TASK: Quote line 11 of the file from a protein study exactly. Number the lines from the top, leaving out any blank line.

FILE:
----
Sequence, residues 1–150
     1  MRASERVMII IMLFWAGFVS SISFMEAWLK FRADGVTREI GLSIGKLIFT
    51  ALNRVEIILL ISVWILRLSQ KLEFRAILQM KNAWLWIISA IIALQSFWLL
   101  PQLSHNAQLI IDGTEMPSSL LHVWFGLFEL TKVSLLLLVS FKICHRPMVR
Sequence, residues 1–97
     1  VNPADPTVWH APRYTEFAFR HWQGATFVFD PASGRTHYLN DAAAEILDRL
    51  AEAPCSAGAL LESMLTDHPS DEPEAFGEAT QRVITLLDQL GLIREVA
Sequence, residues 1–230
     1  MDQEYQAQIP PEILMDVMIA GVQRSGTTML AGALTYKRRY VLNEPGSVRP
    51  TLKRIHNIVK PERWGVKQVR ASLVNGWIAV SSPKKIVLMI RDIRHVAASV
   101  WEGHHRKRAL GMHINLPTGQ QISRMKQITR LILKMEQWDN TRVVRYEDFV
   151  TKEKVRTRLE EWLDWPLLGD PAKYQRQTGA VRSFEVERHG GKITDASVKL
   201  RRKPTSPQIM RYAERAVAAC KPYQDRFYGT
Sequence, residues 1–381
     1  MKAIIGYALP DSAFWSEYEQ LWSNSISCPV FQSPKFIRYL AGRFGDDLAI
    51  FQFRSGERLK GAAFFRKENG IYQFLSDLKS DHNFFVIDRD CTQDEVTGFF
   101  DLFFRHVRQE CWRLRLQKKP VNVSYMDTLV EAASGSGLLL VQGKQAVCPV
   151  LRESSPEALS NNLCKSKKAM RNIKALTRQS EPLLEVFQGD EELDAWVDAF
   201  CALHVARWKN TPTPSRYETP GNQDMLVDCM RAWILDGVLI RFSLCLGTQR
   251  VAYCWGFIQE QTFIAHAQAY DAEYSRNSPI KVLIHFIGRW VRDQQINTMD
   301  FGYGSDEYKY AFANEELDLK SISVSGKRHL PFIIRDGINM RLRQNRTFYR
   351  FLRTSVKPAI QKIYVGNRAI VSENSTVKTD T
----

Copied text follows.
   101  WEGHHRKRAL GMHINLPTGQ QISRMKQITR LILKMEQWDN TRVVRYEDFV